A team from the School of Engineering at Stanford University and École Polytechnique Fédérale de Lausanne in Switzerland have created FlyCroTug. FlyCroTug is a miniature flying robot that can move objects 40 times its own weight. It has advanced gripping technologies that allow it to move and pull objects. FlyCroTug robots can also work together to move objects, like opening doors.

A FlyCroTug with microspines engaged on a roofing tile. (Source: Kurt Hickman/Stanford News Service)A FlyCroTug with microspines engaged on a roofing tile. (Source: Kurt Hickman/Stanford News Service)

The robot anchors to surfaces with adhesives inspired by gecko and insect feet. The non-stick adhesives act like a gecko’s toe surface. It also has 32 microspines to grip to rougher surfaces that the gecko-like grippers may not stick to.

The design of the robot was also inspired by wasps, which have a prey-capture transport method that determines if the insect is going to carry or drag its prey. A wasp can also quickly maneuver small spaces and move objects larger than itself.

The small size of FlyCroTug allows it to be fast but maneuver in constraining environments. The team believes FlyCroTug is a good tool for search and rescue, as it can move debris or position a camera so rescuers can analyze an area before launching a mission. The robot has a winch, cable and the microspines or gecko adhesive. Parts can also be added to the robot, like wheels, so it can move on the ground.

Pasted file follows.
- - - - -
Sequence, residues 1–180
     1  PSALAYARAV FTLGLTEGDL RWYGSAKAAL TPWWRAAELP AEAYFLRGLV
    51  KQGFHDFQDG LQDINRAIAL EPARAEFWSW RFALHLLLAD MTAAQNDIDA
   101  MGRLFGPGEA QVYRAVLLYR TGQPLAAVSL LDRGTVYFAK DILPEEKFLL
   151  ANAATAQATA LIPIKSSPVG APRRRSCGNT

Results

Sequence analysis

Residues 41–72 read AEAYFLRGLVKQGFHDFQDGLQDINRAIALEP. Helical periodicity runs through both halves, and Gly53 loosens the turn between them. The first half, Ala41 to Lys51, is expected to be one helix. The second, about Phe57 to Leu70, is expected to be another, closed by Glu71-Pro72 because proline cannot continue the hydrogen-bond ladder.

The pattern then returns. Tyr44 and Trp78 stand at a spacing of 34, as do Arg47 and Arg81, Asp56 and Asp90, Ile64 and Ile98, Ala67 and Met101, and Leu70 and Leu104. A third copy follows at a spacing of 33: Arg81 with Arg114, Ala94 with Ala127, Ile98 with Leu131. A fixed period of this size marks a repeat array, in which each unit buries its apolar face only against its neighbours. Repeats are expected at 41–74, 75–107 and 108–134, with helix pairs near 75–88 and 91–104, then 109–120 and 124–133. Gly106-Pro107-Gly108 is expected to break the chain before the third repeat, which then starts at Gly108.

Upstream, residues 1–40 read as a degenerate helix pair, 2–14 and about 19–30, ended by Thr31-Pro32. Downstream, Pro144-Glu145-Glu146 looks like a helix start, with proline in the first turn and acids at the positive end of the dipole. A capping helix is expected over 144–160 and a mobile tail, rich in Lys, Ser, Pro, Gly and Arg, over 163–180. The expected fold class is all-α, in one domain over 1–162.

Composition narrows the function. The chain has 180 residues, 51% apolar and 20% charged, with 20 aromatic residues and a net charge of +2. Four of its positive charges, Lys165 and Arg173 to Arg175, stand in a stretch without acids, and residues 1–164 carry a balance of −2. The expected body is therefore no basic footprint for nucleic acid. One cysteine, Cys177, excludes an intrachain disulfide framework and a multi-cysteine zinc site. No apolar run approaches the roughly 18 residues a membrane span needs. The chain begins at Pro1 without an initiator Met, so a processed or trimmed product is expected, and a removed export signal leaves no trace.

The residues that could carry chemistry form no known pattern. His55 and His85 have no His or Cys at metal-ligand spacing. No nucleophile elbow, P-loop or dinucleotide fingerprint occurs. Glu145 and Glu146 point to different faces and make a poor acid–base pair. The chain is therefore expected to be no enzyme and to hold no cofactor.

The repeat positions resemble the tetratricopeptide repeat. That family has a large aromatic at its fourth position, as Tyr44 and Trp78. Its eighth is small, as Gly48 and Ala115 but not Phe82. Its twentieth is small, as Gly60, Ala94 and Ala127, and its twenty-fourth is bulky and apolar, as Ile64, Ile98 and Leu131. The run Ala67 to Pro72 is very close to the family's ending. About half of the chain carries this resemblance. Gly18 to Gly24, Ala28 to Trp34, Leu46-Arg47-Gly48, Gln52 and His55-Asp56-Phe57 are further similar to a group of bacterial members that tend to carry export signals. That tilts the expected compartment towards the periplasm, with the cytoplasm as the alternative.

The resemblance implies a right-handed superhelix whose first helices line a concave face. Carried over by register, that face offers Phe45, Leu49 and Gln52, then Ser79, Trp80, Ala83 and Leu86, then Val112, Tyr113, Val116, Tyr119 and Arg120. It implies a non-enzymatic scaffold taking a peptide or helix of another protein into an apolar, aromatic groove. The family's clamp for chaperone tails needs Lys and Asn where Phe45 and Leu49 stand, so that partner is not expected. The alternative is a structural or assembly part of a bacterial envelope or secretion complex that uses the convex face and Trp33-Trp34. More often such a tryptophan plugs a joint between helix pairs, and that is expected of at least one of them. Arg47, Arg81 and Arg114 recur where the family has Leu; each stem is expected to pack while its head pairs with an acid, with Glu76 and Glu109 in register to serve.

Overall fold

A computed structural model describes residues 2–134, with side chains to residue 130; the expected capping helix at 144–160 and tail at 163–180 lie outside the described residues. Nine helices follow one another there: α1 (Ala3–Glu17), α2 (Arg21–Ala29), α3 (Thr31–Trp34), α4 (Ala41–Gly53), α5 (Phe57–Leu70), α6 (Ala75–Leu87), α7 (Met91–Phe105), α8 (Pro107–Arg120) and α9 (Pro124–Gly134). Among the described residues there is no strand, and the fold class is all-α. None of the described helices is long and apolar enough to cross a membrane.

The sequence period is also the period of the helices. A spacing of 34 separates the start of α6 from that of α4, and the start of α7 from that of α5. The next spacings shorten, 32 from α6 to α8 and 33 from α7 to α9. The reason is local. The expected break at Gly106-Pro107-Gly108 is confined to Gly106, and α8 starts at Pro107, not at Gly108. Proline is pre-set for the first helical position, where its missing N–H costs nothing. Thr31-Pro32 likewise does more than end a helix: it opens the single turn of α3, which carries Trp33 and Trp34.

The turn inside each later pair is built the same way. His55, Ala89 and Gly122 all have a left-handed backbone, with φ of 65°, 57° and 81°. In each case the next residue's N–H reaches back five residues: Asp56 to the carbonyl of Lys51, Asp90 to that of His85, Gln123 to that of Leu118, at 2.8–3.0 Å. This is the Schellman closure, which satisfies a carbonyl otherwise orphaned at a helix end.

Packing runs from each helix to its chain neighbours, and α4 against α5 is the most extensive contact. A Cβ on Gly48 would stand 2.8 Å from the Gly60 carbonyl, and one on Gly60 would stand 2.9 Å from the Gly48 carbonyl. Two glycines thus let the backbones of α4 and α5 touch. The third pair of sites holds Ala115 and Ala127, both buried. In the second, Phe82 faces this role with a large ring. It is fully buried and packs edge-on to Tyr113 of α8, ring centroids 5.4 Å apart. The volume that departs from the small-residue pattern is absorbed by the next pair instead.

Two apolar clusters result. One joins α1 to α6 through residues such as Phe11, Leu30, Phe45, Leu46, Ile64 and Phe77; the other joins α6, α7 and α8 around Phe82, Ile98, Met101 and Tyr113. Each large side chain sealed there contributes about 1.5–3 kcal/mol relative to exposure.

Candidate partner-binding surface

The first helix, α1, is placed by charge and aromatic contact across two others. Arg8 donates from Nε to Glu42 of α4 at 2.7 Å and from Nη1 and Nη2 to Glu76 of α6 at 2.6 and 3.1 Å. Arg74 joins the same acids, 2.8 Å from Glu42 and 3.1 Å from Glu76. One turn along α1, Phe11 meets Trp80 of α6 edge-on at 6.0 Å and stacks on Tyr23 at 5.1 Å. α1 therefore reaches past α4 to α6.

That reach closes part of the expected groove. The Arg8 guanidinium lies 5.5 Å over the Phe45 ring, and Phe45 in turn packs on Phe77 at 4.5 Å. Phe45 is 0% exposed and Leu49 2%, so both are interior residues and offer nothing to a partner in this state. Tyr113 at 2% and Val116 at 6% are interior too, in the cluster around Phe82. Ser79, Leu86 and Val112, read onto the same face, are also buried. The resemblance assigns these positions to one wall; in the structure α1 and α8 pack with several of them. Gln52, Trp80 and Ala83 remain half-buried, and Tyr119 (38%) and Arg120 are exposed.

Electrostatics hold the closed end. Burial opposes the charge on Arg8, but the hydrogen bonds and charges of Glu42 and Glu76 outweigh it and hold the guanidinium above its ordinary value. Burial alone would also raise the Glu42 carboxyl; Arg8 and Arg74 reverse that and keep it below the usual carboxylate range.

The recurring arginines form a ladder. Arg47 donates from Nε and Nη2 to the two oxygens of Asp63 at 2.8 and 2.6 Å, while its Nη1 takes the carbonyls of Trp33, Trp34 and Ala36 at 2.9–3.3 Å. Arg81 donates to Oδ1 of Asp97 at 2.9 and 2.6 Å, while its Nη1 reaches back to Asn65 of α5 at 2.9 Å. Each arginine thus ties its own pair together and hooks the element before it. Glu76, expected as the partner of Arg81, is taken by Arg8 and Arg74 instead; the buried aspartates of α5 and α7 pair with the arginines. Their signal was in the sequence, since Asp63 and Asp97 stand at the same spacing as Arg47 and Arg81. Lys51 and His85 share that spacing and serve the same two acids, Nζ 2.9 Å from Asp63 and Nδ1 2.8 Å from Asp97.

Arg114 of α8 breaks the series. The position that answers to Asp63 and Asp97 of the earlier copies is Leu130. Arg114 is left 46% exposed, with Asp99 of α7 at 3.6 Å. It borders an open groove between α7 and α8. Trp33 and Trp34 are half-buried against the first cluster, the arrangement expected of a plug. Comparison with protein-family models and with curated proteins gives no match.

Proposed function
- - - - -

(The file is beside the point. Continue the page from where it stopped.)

"Wasps can fly rapidly to a piece of food, and then if the thing's too heavy to take off with, they drag it along the ground. So this was sort of the beginning inspiration for the approach we took," said Mark Cutkosky, the Fletcher Jones Chair in the school of engineering and a co-author of the paper.

"When you're a small robot, the world is full of large obstacles," said Matthew Estrada, a graduate student at Stanford and lead author of a paper on FlyCroTugs, "Combining the aerodynamic forces of our aerial vehicle along with interaction forces that we generate with the attachment mechanisms resulted in something that was very mobile, very forceful and micro as well."

"People tend to think of drones as machines that fly and observe the world, but flying insects do many other things - such as walking, climbing, grasping, building - and social insects can even cooperate to multiply forces," said Dario Floreano, who was senior author on the paper, "With this work, we show that small drones capable of anchoring to the environment and collaborating with fellow drones can perform tasks typically assigned to humanoid robots or much larger machines."

"The tools to create vehicles like this are becoming more accessible," said Estrada. "I'm excited at the prospect of increasingly incorporating these attachment mechanisms into the designer's tool belt, enabling robots to take advantage of interaction forces with their environment and put these to useful ends."

The paper on this new robot was published in Science Robotics.